D.C. police force on the verge of shrinking

D.C. is one of the best examples of a city that completely turned its crime around. The District halved its number of violent crimes between 1995 and 2010, and is no longer considered one of the most dangerous cities in America. The changes might not be permanent, however, as D.C.’s police force looks like it will shrink.

D.C.’s police force is shrinking due to a myriad of reasons, including the practice of mass hiring in the past, which is causing a current trend of mass retirements, as well as the slowing or halting of hiring in the past decade because of the recession.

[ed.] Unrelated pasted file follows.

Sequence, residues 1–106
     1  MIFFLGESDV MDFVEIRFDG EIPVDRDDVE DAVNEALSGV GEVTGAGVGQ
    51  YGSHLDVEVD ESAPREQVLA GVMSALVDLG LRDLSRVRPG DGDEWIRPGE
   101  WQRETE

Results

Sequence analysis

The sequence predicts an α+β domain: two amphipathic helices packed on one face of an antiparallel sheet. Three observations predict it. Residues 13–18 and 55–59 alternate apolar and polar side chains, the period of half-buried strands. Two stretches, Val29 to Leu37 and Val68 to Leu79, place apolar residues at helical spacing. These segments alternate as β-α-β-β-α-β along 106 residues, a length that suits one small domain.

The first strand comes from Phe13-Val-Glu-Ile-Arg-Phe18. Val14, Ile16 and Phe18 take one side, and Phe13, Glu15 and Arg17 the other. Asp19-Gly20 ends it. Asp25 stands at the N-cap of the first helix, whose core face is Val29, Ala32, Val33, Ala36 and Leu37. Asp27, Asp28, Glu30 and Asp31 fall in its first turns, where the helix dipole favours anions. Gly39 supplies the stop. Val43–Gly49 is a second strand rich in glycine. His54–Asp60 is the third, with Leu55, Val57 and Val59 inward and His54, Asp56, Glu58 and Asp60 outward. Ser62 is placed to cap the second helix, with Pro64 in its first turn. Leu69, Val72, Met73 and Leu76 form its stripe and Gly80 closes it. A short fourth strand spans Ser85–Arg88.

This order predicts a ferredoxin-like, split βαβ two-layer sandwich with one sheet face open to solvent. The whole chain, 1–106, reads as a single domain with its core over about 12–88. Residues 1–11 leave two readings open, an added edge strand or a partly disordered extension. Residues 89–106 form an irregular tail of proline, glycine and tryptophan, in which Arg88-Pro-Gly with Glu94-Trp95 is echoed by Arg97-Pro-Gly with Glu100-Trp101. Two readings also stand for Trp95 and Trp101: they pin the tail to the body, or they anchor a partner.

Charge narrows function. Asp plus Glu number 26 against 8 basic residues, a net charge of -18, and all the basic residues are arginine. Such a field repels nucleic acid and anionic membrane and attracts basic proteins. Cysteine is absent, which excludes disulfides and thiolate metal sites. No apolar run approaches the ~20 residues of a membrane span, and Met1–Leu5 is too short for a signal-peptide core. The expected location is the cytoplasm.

Although MPD is in need of people willing and able to work, senior officers are forced into retire due to a mandatory retirement age. On average, according to the Post, 15 officers leave MPD every month.

Furthermore, MPD is finding it difficult to retain new police officers who graduate the D.C. police academy because they became homesick or remained on waiting lists for hometown police departments, says police chief Cathy Lanier, exacerbating the manpower shortage situation.

A shrinking police force does not pair well with a city that has a growing population and a growing number of 911 calls. According to the Post, D.C. received 20,000 more emergency calls in 2013 than in 2012. Ultimately, Vox is worried whether he should fear for his own safety in this city, and whether he can brace himself for more rapid-fire emails from GUPD about burglaries in the ICC.

Photo: Georgetown Voice

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